Posts Tagged “Matthew”

I love the discoveries I make as I review my notes from sermons I heard the previous year. As I read over the sermons from the first half of the year, I found a continual calling back to dependence on God, a continual encouragement to live above our circumstances by trusting them to Him. You can read highlights from those sermons here.

I got waylaid a bit before going over my notes for the second half of the year. It’s almost Easter and I’m just now publishing highlights from the second half of 2012. Sometimes life gets away from us, doesn’t it? I was tempted to not publish these because I’m so late, but these are too good to not share. I pray that you are as blessed as I’ve been reviewing what God said through mighty men and women of God in 2012.

On June 11th, I attended a prayer meeting. It wasn’t your typical prayer meeting, but a weekly “soaking” prayer time that takes place at Ekklesia Revived, our local prayer center. (You can find their Facebook page here.)  This is a time of sitting and listening to the Lord – soaking in His presence and waiting on Him. At the end of the prayer time, people share what they’ve heard from the Lord. Often God speaks through images, thoughts that come to our mind, or things others say. Here are my notes from one such “speaking”:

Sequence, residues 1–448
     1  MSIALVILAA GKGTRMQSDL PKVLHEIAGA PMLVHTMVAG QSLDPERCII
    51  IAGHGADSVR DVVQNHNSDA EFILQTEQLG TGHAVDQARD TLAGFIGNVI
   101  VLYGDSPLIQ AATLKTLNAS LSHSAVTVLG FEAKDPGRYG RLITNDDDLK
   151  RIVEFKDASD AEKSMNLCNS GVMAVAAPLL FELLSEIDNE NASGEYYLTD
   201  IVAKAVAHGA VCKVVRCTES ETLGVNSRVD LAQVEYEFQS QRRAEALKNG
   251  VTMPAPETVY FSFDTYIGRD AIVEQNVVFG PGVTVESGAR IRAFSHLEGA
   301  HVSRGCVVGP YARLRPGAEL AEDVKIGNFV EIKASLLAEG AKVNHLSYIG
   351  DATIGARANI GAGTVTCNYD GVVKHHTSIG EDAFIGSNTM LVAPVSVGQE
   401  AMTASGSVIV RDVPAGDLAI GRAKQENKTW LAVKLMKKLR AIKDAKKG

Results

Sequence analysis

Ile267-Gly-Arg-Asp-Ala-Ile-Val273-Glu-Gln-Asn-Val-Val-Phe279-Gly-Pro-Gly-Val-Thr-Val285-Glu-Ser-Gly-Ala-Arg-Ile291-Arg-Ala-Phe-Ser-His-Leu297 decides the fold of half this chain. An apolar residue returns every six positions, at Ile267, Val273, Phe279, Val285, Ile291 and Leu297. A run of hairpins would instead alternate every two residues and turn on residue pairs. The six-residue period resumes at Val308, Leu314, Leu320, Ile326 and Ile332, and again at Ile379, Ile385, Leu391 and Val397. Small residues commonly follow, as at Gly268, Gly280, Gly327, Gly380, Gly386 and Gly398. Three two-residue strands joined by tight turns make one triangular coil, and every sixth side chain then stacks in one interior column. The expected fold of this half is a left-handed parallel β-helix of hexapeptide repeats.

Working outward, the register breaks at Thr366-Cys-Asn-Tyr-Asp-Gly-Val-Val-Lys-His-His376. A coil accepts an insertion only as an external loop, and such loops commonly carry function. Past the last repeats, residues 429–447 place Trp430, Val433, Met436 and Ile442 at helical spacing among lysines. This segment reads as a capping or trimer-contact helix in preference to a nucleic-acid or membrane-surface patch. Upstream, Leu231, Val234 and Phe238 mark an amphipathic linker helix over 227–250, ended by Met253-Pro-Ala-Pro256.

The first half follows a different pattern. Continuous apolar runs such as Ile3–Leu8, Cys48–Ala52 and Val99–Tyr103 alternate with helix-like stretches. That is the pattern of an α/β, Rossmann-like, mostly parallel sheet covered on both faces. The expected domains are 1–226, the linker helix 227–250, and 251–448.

“I saw us dancing with the Lord” one woman said. When she said that, I immediately thought of the movie Hitch. “This is your dance space, this is my dance space” [Hitch instructed his client]. The Holy Spirit immediately said to me “It’s time to dance outside your space.”

How cool is that? I love the way the Lord speaks to us. Is it time for you to dance outside our space?

“For God to mend our hearts, we have to give Him all the pieces – or it will never be fully mended.” Pastor Dan Caudill, 6/17/12

“It’s not what you see, it’s how you see it.” A stray note in my written journal. I have no idea who said it. But it’s a good line!

“There must be a desire in each of us to see God move. Wherever we are is to become a habitation of our Lord.” Pastor Larry Klaiber, 7/22/12

“He is our Shepherd and without Him we are helpless and harassed. (see Matthew 9:36)” Pastor Larry Klaiber, 8/26/12

“There isn’t a wall that satan can build that cannot be torn down – demolished – with praise.” Pastor Dan Caudill, 9/23/12

“Praise disarms a complaining spirit.” Pastor Dan Caudill, 9/23/12

(And I would add – and we all need that!)

During our worship time on September 30, 2012, I made these notes in my written journal: